TurboTax walks you through deductions and credits by asking you a number of straightforward questions in order to determine which ones you qualify for. I ended up having a question and clicked on the Help Center button, which redirects you to your browser. Getting good answers to your questions on TurboTax seems to be hit-and-miss, but I fortunately was able to get some clarification regarding a deduction related to my student loans.
As you complete each section, an error checker runs to make sure you haven’t missed anything. I found it to be very accurate, as it caught fields that I had skipped several times. Once you are finished entering your information, TurboTax gives you a few options regarding how you receive your tax refund money. You can either enter your checking account information or have a check mailed to you. I opted for the electronic transfer, and used a check to get my routing and account numbers.
Pros and Cons
The whole process of using TurboTax as an application was quite similar to my past experiences of using the website. The folks who structure the questions take great care to dumb it down for people like me, and they demystify the tax code.
As you move through the application, you can always save your progress. Rather than just save your progress internally, you export the save file to wherever you’d like. This does have the benefit of giving users the flexibility to move the save file around, but it seems like having the file saved inside the app with the option to export it would be a simpler solution for the most novice of users.
As I mentioned, importing your information isn’t quite as straightforward as it could be. When I first downloaded the software, it opened right up without asking about last year. Many reviewers in the MAS also found that to be a disappointing surprise. However, after opening up the app again, a “Startup Assistant” popped up and asked about importing data from last year. I’m not sure whether this was part of those aforementioned updates that occur every time you start TurboTax, or whether its some glitch that prevents it from happening when you first launch it. Either way, you can apparently import data from previous returns, but it didn’t work for me.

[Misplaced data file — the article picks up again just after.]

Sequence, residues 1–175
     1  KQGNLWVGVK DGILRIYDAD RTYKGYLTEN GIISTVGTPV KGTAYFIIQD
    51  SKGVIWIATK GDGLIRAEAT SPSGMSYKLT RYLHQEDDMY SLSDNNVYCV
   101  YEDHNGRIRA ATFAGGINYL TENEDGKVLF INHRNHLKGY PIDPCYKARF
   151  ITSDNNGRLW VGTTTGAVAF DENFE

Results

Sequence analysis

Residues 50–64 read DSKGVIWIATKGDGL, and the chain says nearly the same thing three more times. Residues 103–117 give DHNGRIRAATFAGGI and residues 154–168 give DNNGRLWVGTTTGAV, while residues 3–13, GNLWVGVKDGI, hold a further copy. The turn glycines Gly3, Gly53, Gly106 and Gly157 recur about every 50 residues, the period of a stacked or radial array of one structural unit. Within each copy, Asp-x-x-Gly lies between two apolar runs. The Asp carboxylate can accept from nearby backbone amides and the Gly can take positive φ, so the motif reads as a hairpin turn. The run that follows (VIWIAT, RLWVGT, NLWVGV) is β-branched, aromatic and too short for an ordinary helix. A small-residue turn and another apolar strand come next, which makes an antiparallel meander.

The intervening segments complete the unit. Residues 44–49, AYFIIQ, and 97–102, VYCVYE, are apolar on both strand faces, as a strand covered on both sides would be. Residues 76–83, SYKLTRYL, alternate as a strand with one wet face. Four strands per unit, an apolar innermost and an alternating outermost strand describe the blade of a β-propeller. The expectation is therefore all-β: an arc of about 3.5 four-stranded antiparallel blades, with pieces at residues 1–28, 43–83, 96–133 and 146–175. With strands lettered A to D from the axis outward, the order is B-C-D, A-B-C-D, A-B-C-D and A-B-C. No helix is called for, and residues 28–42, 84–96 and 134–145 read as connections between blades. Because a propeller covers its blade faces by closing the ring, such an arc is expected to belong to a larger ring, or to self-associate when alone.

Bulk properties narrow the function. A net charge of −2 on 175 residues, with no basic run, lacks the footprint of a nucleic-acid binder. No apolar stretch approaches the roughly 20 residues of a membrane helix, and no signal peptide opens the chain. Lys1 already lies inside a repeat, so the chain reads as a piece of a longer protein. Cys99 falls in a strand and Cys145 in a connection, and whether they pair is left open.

What I found to be most troubling was the apparent lack of security. With the web app, I was sure to have 1Password create a long, complicated password to protect my sensitive personal information, such as my Social Security number. The Mac app oddly has no such protection. Of course, you can stick the saved file in an encrypted disk image, but this is a feature that should be part of the app.
TurboTax is a textbook example of how to use fine print when it comes to advertising your prices. They plaster the words free all over their website, but users quickly find out that they use that word to refer to some very basic features, and that you will almost certainly end up having to pay for something. When you use the website, they seem to be a bit more upfront about what each feature will cost you, (and push those deluxe packages pretty hard). But with the Mac version, I made it all the way to the very end before it alerted me to the cost of my state and federal tax filings.
So, while the app is free to download, it’s best to remember that you’ll likely end up spending at least $29 to file your taxes.
I never had much to complain about the last few years when I would file my taxes using the TurboTax website. For the most part, their Mac version of the software mimics the best parts of the web experience, especially the sense that they are holding your hand as you navigate through the many sections. However, all of the advantages that one might expect from having a desktop version of a web app, (namely, convenience), seem strangely absent here.
While it gets the job done just fine, however, when you compare the overall experience to the web app, it is hard to recommend using this.